WEST MILFORD, N.J. – Before doctors discovered that Lois Hamilton of the Oak Ridge section of West Milford had a cyst pushing against her spine, she played tennis, skied and bicycled.
“I was always pretty active,” she told Daily Voice.
The cyst ultimately caused the former middle school math teacher to lose the ability to walk, and she now uses a wheel chair. But thanks to her determination, and the help of trainers at Push to Walk in Oakland, she’s discovered new ways to exercise and gain strength.
Hamilton is one of about 50 clients who train at the specialized gym that provides individualized workouts and resources to people with spinal cord injuries, traumatic brain injuries, multiple sclerosis, and other forms of paralysis to optimize their quality of life.
The gym also provides recreational activities for clients – such as surfing, adaptive yoga, sled hockey and art therapy.
Hamilton’s favorite, though, is the hand-cycling. For six years, she has been a member of the Push to Walk team that participates in the New Jersey Half-Marathon to raise funds for workout sessions.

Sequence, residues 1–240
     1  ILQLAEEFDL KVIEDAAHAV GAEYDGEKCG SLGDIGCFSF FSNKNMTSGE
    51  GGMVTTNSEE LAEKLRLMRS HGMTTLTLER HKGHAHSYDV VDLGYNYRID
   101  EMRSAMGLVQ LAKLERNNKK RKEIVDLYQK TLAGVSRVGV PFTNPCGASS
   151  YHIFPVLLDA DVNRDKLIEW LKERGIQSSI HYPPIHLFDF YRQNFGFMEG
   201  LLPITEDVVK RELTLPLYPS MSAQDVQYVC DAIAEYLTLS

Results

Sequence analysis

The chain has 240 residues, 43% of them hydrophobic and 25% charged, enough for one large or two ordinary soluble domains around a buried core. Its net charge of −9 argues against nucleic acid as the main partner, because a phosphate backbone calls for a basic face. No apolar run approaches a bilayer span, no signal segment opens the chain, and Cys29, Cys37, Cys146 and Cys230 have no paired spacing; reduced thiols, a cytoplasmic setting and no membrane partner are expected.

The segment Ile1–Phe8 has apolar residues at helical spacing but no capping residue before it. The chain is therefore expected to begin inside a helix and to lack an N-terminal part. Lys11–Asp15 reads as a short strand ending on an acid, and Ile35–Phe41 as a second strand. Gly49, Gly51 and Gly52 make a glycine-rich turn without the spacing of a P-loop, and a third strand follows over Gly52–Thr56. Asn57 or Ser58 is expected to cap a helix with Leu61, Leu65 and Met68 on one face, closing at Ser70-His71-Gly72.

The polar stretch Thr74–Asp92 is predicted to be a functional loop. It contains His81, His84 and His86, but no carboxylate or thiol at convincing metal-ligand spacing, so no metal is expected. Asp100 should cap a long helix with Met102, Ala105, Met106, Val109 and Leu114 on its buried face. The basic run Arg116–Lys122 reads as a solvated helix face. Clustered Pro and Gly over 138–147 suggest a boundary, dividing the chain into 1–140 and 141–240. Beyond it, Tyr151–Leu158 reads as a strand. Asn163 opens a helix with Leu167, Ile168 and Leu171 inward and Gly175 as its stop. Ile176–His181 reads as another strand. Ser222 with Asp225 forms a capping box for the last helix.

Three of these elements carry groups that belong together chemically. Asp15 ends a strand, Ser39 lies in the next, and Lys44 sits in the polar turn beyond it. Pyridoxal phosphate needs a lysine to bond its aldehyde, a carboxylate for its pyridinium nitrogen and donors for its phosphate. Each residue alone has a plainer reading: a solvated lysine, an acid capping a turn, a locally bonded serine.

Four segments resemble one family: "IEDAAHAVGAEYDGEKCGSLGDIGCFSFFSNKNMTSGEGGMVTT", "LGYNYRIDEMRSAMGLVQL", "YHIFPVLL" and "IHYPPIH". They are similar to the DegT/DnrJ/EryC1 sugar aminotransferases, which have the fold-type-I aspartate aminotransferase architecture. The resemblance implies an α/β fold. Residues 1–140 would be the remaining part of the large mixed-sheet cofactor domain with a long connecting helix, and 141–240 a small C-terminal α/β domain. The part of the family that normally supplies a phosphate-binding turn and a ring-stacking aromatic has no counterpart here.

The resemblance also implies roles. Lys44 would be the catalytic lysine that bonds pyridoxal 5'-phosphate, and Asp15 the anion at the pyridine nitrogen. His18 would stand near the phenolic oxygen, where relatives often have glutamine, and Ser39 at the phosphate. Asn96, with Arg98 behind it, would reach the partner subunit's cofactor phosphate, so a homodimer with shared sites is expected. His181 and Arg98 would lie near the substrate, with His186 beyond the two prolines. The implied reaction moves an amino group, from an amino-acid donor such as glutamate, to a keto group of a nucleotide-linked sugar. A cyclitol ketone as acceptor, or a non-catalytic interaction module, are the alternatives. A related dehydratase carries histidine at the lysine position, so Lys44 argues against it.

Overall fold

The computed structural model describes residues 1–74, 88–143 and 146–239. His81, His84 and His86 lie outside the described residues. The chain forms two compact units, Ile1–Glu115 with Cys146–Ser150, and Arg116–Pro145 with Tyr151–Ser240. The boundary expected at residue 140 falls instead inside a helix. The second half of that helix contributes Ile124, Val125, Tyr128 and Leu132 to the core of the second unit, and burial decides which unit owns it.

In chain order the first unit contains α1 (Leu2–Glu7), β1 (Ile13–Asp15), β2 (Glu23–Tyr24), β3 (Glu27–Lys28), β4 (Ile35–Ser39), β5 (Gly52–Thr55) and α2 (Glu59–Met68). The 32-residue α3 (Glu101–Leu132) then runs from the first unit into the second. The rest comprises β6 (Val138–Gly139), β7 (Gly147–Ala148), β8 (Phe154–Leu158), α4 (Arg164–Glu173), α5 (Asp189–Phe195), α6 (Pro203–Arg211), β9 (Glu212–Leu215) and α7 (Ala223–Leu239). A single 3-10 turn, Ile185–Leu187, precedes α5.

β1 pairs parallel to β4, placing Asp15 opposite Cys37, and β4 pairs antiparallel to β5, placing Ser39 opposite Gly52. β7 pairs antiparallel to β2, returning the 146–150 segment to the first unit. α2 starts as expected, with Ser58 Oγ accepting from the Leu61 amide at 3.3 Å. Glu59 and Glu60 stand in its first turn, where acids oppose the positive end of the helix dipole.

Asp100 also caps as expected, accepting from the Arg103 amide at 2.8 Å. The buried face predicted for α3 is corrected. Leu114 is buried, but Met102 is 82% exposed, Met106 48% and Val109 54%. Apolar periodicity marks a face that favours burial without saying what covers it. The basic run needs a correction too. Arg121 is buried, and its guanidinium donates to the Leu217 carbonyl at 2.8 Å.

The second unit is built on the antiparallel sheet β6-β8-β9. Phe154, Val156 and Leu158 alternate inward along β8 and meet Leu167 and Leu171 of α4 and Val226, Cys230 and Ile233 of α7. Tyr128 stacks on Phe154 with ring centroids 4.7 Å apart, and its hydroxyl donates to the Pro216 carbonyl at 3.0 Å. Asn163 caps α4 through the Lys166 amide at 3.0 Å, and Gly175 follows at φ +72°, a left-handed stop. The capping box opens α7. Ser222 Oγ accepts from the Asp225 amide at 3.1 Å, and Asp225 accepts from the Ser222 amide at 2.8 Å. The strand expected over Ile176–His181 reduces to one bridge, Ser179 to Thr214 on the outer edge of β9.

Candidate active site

The first year, she said, she just wanted to finish, but the feeling she got during the race got her hooked.
“If you go to a marathon like that, people are lining the course, cheering you on, and you are part of the group … I was hooked,” she said.
Now she recruits others to train for the half-marathon.
“She is a great motivator of people. She pushes other clients,” said Tiffany Warren, who oversees the gym's training staff.
“Most people depending on what their injury was, are usually told what they can’t do as opposed to what they can do. That is what we try to avoid, and try to get them to do these goals that they have,” Warren said.
Hamilton said her goal now is not to walk, but to gain trunk stability so she can carry things, get pans out of the oven, or reach for pots, without falling forward.
So her trainer works with her to mimic such actions to try to improve her balance and strength.
Through it all, Hamilton maintains a hopeful outlook.
“I find there are a lot of people worse off, and there are a lot of people not. So once in a while you might get depressed, but you still think, 'This is my life,'” she said. “I have supportive family. Right away my son and husband built a ramp off the back of the house. I have a stair glide to get to the other level.”
She also has grandchildren that like to ride on her motorized wheel chair – “one on my lap and one standing on the back.”
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